Leila Chan Currie. Photo: Diana Tyszko.
If you Google the name Leila Chan Currie, don’t be surprised if the term “future employee” pops up.
Chan Currie, 21, is a graduating computer science and statistics major who is living every computer geek’s dream: beginning this summer, she will be working as a software engineer for the search engine giant at its Mountain View, California headquarters.
“If you told me four years ago that I would be working for Google, I would have looked at you funny,” Chan Currie said.
“I took a computer science class in high school and didn’t like it, so I was ambivalent about taking it here. I had some great professors and great courses, and my opinion changed. It has been a great door for me; I’m lucky I found it.”
It is a door that has opened onto a number of interesting opportunities for Chan Currie. She spent two summers working as an intern for Google and another summer working at Facebook headquarters, as well as serving as a teaching assistant and a research assistant at the University of Toronto.
Chan Currie has also competed successfully in a number of hackathons, including two selective competitions: the Al Jazeera Media Context Hackathon in Doha, Qatar, where her team’s project was named most innovative and won the people’s choice award; and a hackathon at New York University’s Abu Dhabi campus. She has also participated in two hackathons at the Massachusetts Institute of Technology.
“At a hackathon, you start a new project entirely from scratch and work 24 to 48 hours non-stop to complete it,” Chan Currie said.
In Qatar, she and her team developed a computer application that would allow readers to easily find and compare a number of stories with vastly different viewpoints about one topic. They plan to release it free of charge through the Google Chrome app store.
“The more viewpoints you’re exposed to, the less bias you have,” Chan Currie said.
Before computer science pursuits began to absorb most of her free time, Chan Currie poured her extracurricular energies into Varsity Blues ice hockey, a sport she played growing up. She loved it, but found that she couldn’t devote the necessary amount of time to a varsity sport as her other commitments grew.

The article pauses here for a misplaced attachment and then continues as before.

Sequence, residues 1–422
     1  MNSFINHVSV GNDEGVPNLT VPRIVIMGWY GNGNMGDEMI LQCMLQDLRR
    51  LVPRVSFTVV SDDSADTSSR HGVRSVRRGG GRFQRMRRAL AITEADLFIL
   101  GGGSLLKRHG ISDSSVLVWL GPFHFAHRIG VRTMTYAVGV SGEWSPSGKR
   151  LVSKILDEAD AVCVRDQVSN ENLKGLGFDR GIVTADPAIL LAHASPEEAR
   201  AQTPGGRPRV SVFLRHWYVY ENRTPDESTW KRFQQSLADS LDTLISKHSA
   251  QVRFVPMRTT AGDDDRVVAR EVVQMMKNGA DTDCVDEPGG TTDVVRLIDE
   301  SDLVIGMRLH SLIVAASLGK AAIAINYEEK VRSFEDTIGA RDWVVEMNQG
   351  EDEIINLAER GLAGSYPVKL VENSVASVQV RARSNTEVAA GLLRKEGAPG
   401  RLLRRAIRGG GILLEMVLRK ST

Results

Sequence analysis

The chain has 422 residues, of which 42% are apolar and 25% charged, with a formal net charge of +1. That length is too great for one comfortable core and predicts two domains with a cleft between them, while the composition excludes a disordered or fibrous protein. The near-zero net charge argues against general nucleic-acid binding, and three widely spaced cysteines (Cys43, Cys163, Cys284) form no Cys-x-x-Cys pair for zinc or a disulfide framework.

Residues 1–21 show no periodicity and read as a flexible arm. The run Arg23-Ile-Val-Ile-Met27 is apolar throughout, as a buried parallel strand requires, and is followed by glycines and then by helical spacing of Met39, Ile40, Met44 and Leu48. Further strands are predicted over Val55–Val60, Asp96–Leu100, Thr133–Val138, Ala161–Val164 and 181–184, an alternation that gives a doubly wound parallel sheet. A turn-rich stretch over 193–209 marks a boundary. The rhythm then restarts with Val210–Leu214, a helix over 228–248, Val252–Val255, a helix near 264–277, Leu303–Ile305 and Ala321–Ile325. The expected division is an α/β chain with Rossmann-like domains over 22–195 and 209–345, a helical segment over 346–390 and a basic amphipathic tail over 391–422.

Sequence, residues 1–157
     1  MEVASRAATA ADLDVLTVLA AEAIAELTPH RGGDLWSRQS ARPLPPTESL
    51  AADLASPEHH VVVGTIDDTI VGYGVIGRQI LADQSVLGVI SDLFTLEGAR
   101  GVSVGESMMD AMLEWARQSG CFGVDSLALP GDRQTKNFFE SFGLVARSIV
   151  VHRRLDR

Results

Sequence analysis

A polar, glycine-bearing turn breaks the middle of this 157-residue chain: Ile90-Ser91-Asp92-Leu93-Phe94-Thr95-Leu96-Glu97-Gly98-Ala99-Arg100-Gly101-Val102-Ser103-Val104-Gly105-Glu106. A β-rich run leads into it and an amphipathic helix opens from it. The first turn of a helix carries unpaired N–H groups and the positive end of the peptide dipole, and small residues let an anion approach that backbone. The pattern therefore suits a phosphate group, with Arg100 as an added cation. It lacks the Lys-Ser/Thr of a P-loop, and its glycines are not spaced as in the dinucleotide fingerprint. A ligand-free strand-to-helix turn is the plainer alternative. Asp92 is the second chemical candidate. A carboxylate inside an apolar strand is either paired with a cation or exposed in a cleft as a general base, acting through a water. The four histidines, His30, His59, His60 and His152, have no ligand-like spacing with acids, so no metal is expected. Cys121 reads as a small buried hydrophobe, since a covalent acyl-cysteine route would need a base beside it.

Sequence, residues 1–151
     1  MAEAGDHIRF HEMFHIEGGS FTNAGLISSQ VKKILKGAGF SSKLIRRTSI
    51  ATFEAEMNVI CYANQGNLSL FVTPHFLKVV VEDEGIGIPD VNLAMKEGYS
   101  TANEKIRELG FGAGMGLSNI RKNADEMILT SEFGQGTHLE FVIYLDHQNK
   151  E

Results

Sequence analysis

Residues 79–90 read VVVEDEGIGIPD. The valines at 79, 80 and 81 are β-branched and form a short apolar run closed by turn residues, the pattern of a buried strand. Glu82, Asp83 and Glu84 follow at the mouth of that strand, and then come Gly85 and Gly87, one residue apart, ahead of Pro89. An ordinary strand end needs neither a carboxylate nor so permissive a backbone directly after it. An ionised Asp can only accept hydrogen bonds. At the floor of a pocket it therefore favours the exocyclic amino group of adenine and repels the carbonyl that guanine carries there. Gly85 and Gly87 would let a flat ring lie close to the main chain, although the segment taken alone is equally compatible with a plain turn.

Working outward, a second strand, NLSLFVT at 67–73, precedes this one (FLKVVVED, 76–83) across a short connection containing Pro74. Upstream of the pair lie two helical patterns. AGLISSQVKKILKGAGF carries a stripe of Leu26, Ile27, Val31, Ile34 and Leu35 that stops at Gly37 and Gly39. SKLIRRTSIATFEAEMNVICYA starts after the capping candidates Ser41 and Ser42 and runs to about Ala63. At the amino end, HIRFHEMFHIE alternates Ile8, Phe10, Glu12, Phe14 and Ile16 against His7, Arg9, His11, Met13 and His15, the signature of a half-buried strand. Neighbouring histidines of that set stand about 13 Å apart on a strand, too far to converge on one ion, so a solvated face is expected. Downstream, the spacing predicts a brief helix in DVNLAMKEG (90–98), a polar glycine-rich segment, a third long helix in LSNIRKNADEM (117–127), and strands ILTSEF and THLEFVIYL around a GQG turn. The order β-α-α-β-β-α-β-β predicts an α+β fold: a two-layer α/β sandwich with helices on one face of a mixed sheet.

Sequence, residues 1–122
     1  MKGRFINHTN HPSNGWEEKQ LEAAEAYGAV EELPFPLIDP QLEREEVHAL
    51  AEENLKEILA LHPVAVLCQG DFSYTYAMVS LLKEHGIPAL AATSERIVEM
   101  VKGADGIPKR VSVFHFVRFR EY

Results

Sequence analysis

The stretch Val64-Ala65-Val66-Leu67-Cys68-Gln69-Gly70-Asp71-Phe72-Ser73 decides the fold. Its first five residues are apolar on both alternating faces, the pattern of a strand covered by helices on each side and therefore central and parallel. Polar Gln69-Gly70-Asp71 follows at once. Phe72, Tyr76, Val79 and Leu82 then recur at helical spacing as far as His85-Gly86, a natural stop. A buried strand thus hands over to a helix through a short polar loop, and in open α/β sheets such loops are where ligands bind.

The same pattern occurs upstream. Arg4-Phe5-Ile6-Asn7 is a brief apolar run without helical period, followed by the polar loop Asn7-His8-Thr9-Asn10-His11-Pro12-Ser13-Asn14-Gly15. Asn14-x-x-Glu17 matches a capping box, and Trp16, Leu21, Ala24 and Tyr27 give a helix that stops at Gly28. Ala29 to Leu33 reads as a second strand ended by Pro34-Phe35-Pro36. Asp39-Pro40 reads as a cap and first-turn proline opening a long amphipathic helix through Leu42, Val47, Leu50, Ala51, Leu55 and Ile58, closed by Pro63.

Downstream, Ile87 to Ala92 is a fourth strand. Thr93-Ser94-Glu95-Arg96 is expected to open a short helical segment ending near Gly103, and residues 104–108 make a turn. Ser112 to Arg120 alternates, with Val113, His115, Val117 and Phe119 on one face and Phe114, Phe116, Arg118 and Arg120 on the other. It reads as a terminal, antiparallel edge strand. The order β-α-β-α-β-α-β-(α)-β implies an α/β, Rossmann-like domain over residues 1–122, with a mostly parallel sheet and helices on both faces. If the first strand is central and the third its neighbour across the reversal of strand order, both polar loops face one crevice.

“I did an internship during my first summer and it was tough, because a lot of my teammates spent the summer training,” she said. “I worked out, but it is hard to keep up, and you can’t be entirely invested.”
Instead, Chan Currie has played tri-campus soccer for the past two years and blended her interests in sport and computer science to create, in conjunction with a former hockey teammate, a web application to track training progress.
“That’s what I love about computer science,” she said. “You can apply it to pretty much any field you want. Everything can be digitized or made more efficient, so you can apply your skills to something you really like.”
What Chan Currie really likes is natural language processing – anything that involves how a computer understands language or what computers can learn about what people write or say — and machine learning — the algorithms that can be used to teach machines to recognize patterns and predict things from past patterns. Both areas also draw heavily on statistical theory, and Chan Currie said her statistics major was “very complementary to computer science” and has given her a strong foundation for her dream jobs.
“Natural language processing is a wide-open field, and Google and Microsoft have really cool machine learning divisions,” Chan Currie said.
Google Leila Chan Currie’s name in a few more years and, no matter which path she chooses, the entry will undoubtedly include the word, success.
By: Elaine Smith
Posted at Arts & Science News, June 23, 2015